If patriotism runs through your veins, this is a place you cannot afford to miss. Located in Khadakwasla, the prestigious National Defence Academy, popularly known as the NDA, is the joint services academy of the country’s armed forces. The premier institution is where cadets from the three defence forces of the nation—Army, Navy and the Air Force—get trained into becoming officers and gentlemen, before being commissioned into the respective forces. The bounteous academy spreads over 7,000 acres of land, strategically chosen to be on a lake shore with a proximity to hilly terrains and the Arabian Sea. The foundation stone for the academy was laid in 1949 by the then prime minister of the nation, Jawaharlal Nehru, and was formally commissioned and inaugurated in 1954 and 1955 respectively. Visits are restricted to Sundays between 10.00 a.m. and 12.30 p.m., and only by prior permission (to be obtained at least two days in advance). But once inside the campus, it is difficult to miss the palpable energies of the cadets ringing through the basalt and granite structure of the academy. While you are here, check out the dining hall, which looks like a tinier, woodier version of the one seen in the Harry Potter movies. Don’t miss out on the famous cream-filled doughnuts sold within the campus.
The Bund Garden is placed in the city of Pune and is assume as one of the most appealing and well-maintained gardens in the city. Also known as Mahatma Gandhi Udhyan, it is a popular among joggers and people who enjoy spending time outdoors in the sun. The locals here prefer the garden as their go-to place when looking for some quiet and calm, and Bund Garden appeals a lot of guests during the morning and evening hours. Another appeal here is the Fitzgerald Bridge, which garners as many visitors as the Bund Garden itself. The garden is an appealing place for the elderly and kids and is a popular picnic spot for families and youngsters as well.
A place known for its serenity and surreal ways to meditate away from the hustle and bustle of city lives, Osho Ashram is popularly known as Osho Meditation Resort. Located in pune, the unique blend of meditation and the Greek concept of resort stay make this experience a truly memorable one. The Ashram is a gentle area which delivers you to your own centers of peace, meditation oneness. The ideologies of Osho also can be launch here. The Ashram is a wonderful area to hunt for the significance we tend to look for in our everyday lives. Initiated in 1974, Osho Ashram observer a colossal number of guests throughout the year, especially the foreigners. Excited people can choose from the Osho guesthouse or the Osho living in the program, according to their inclination.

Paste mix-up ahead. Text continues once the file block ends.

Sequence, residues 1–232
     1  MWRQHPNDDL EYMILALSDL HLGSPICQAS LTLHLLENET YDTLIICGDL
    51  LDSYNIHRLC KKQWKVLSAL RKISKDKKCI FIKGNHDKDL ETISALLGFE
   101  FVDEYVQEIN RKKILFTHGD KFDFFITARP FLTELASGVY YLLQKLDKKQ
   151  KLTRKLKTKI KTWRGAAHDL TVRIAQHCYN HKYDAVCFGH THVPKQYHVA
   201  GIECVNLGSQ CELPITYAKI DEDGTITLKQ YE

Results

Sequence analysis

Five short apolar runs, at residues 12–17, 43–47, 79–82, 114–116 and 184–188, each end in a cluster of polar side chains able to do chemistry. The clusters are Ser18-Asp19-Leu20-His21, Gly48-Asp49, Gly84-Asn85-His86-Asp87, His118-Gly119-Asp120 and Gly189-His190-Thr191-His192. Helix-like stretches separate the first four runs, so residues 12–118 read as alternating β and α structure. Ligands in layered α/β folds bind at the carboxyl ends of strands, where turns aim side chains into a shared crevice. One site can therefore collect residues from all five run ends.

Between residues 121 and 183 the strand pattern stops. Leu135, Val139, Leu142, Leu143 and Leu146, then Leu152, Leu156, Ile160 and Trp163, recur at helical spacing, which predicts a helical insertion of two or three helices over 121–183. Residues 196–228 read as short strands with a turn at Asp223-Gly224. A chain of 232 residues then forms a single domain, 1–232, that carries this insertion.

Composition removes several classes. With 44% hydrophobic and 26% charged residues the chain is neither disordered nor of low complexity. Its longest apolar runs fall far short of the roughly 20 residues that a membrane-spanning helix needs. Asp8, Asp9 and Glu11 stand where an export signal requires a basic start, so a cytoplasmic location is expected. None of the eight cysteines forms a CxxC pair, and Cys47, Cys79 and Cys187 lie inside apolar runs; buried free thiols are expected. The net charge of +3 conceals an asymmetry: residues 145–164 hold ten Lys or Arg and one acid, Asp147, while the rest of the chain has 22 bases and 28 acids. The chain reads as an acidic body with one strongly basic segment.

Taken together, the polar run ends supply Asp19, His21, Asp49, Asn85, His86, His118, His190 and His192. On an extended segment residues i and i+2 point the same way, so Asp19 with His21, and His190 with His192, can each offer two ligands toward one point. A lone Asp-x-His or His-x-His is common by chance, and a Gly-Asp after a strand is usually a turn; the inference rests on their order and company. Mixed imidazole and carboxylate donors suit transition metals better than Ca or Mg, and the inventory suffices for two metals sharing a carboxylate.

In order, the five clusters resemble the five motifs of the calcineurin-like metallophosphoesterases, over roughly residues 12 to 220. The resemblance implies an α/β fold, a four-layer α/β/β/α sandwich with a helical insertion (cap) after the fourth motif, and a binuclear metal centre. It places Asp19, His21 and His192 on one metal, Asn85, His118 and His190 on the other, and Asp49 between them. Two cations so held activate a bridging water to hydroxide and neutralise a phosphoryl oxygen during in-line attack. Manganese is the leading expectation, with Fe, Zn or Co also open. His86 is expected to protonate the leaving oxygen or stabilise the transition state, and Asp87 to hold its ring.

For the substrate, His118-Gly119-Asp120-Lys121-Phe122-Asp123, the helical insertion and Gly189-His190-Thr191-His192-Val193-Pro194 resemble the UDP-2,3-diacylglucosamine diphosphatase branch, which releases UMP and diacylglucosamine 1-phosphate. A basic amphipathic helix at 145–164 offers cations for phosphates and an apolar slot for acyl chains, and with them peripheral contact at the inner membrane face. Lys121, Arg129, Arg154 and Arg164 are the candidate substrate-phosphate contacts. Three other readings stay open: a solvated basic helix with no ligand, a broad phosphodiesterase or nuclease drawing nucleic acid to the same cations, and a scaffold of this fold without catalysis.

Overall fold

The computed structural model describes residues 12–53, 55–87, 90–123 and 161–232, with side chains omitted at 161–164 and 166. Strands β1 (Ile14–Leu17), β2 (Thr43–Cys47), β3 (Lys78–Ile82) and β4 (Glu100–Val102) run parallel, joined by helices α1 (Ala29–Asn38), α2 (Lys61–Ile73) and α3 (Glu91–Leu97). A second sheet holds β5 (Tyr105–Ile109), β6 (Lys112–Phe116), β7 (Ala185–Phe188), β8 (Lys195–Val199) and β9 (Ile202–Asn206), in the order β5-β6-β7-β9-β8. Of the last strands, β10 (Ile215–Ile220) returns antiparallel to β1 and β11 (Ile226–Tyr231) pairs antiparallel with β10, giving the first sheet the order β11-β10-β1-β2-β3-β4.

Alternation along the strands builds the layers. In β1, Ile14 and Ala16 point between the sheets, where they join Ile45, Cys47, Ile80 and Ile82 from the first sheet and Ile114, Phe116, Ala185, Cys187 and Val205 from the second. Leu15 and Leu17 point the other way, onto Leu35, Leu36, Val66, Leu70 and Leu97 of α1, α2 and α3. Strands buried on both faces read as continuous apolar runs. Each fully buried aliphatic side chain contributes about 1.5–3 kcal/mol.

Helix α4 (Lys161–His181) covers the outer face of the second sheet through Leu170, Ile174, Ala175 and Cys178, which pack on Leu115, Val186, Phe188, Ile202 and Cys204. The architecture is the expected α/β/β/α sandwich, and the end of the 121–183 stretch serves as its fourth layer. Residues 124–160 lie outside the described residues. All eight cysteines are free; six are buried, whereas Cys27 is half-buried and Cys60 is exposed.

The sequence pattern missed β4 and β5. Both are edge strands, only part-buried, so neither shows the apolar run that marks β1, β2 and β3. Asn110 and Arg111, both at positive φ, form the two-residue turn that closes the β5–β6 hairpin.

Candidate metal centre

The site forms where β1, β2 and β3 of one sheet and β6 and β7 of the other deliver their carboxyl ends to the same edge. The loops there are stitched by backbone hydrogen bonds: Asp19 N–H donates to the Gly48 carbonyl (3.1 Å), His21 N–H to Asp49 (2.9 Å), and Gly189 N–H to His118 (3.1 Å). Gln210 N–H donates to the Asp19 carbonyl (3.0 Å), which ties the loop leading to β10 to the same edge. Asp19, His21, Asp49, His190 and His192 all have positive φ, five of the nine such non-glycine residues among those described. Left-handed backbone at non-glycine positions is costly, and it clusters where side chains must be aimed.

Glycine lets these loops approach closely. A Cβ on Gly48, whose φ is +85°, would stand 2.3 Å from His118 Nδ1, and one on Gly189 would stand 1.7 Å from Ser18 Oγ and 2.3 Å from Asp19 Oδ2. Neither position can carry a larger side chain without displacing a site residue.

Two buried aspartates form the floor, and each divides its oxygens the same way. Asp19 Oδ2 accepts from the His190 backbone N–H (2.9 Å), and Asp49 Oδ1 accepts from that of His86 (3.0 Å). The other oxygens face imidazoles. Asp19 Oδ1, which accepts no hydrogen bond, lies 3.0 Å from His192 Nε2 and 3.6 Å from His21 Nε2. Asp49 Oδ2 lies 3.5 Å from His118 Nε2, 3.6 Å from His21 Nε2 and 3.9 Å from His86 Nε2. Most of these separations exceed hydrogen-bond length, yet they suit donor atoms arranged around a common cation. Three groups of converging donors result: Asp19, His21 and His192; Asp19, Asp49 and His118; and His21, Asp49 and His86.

Saras Garden is placed in the background of Parvati Hills. Designed by Nanasaheb Peshwa, the garden has reservoirs and lavish green lawns. The garden also contains Ganesh Murthi Museum, enclosing large number of Ganesh statues. In early morning as well as evening, joggers and walkers frequent the garden. Soon after completion of Shree Devdeveshwar Temple on Parvati Hill in the 18th century, Nanasaheb Peshwa decided to beautify the environs of the hill. Owing to this, he constructed a lake at the foothills of Parvati Hill. In the centre of the lake was established an island of about 25,000 sq ft area. Later, on the island, a beautiful garden was created. Sawai Madhavrao Peshwa built a temple dedicated to Shree Siddhivinayak Gajanan in 1784.
Dehu Gatha temple is one of the largest temples and is placed nearby Pune. At the access of the temple lies the icon of Sant Tukaram Maharaj. What attracts people the most are the carvings of all Gathas of Sant Tukaram on the walls of the temple which are very easy to read. It is said that one must read at least 3 Gathas on appointment the temple. The temple is placed on Indrayani River's bank. Also, there is an area on the river where these Gathas floats which should not be missed out. Dehu is a spiritual place wherein Saint Tukaram was born. It is a place of the pilgrims. The place is a powerhouse for the followers of Saint Tukaram. A garden has also been dedicated to Tukaram's wife, and rock has been built to commemorate his 13 days fast.